WTO Declaration on TRIPS and Health:
People With Aids 1, Drug Industry 0

ACT-UP Paris
November 14, 2001

(Paris, France) - It was more than high time that the tide turned - public health stakes, and therefore the interests of people with aids, have at last superseded transnational companiesı interests at the World Trade Oraganisation.

From now on, the dogma of corporate monopoly on life-saving drugs is no longer law.

Governments are now free to make or import generic versions of the patented drugs they need. By declaring that ³Each Member has the right grant compulsory licenses and the freedom to determine the grounds upon which such licenses are granted, the 142 Member States of the WTO have established the primacy of health over corporate monopolies, and this independently of national emergencies.

In Doha, developing countries have showed unprecedented determination. Led by the Africa Group, a coalition of more than 80 developing countries have forced rich countries to make key clarification concessions concerning what is possible under the WTO Agreement on intellectual property, and this in spite of intense pressure and maneuvers by the United States, the European Commission, Japan and Switzerland to divide and conquer.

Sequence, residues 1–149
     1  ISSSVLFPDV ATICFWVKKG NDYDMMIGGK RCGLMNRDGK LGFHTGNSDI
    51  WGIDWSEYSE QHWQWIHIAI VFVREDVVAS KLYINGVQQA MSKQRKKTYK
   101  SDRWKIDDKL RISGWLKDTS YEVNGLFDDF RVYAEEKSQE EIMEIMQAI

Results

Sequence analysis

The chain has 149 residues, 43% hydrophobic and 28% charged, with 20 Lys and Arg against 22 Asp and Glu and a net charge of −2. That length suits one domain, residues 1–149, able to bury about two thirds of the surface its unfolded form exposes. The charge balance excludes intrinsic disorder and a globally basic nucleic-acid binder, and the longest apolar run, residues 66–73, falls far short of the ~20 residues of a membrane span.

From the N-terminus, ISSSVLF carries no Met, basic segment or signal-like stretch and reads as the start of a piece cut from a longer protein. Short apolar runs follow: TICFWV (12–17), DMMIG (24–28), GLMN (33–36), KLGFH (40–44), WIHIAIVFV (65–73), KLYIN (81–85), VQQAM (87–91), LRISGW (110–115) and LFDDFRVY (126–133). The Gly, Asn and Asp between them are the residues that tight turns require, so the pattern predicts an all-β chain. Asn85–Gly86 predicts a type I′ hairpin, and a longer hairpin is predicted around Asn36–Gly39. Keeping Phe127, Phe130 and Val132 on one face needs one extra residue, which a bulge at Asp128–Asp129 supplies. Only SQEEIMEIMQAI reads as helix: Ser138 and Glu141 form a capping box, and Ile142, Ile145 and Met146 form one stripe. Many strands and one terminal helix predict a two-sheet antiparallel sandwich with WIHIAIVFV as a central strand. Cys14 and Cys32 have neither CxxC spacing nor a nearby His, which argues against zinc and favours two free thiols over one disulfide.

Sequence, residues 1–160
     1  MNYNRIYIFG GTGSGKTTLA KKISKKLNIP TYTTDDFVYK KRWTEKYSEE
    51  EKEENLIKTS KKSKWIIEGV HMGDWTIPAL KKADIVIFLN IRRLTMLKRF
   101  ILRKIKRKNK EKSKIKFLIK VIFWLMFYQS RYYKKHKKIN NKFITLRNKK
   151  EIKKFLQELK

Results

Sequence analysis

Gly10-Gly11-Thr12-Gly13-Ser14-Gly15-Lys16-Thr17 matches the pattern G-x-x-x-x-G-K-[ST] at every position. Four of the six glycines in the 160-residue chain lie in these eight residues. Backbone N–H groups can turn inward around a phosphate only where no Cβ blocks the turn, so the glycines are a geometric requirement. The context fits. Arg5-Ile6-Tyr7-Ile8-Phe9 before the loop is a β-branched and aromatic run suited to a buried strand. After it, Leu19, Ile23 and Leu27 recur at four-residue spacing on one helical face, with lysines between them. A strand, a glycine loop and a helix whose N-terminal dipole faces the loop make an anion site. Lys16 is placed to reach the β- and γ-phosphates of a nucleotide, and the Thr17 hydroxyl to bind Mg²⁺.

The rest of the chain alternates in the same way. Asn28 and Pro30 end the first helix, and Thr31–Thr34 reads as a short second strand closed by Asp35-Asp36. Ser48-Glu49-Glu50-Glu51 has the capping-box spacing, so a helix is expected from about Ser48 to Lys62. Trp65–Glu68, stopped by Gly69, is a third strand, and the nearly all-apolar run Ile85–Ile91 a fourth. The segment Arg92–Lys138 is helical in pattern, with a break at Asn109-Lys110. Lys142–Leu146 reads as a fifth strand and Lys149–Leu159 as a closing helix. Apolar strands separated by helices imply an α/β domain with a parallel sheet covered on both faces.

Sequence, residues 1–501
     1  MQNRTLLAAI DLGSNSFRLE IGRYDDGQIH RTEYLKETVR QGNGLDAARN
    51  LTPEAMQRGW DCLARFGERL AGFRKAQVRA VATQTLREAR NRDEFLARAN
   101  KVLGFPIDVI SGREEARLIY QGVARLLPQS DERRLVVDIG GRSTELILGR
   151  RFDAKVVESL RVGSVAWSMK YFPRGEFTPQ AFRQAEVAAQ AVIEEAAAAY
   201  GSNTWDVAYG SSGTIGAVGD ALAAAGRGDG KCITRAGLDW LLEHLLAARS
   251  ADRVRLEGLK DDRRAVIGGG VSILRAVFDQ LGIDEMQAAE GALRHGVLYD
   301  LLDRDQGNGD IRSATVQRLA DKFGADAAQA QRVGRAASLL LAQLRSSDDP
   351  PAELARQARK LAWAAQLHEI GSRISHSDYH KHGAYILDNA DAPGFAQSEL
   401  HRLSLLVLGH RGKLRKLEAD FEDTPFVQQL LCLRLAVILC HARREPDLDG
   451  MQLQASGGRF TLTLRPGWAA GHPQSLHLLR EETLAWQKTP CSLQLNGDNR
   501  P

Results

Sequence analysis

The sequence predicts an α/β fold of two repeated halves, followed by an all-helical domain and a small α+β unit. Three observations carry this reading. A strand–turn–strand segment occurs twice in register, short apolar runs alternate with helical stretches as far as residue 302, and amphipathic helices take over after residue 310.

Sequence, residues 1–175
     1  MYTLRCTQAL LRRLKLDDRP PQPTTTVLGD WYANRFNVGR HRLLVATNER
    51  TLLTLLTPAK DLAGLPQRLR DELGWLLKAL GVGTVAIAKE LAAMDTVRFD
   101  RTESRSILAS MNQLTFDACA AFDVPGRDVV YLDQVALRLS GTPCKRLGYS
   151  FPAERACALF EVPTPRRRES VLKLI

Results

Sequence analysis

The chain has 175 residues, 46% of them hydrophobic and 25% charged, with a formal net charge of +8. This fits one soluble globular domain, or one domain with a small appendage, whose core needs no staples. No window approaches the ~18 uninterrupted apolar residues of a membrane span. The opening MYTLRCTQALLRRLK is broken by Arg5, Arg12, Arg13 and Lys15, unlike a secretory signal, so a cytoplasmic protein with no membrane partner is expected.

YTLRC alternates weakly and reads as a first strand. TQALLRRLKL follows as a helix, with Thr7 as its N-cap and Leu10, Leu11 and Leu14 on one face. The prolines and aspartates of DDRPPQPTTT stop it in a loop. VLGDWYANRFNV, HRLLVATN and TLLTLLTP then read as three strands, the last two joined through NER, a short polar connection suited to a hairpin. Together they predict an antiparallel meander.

In the future, governments who will attempt to apply bilateral trade sanctions or covert pressure against poor countries seeking to promote access to medicines will expose themselves to the condemnation of WTO Members States and the rest of the international community.

Yet, the victory is not quite complete : all key public-health provisions in the TRIPS Agreement are not clarified in the Doha declaration. Especially, the crucial recognition that generic versions of patented drugs can be exported to poor countries that do not have sufficient industrial capacity, has been refused by the United States and the European Commission.

The majority of people with aids and more generally, the majority of people with illnesses, live in countries where there is no sufficient drug-production capacity. It is thus necessary that the emerging developing countries be allowed to provide those least-developed countries the medicines they need. Now, even though the Trade Ministerial Declaration makes a point of recognizing the validity of the issue, the rich countries have nonetheless succeeded in derailing the indispensable clarification of whether such South-South access to medicines arrangements are possible under the TRIPS or not. In this regard, the Doha Declaration has failed to lift a crucial barrier to drug access.

Therefore, civil societyıs fight against Western drug giants and Western governments needs to continue in order to address issues left outstanding in Doha ­ the stakes of drug access are counted in millions of lives a year.

ACT UP-Paris demands that the WTO clarify, at the next meeting of its Council of TRIPS, the fact that nothing in the Agreement prevents trade of affordable, generic medicines.

Contact presse:
Gaëlle Krikorian
+33 609 177 055

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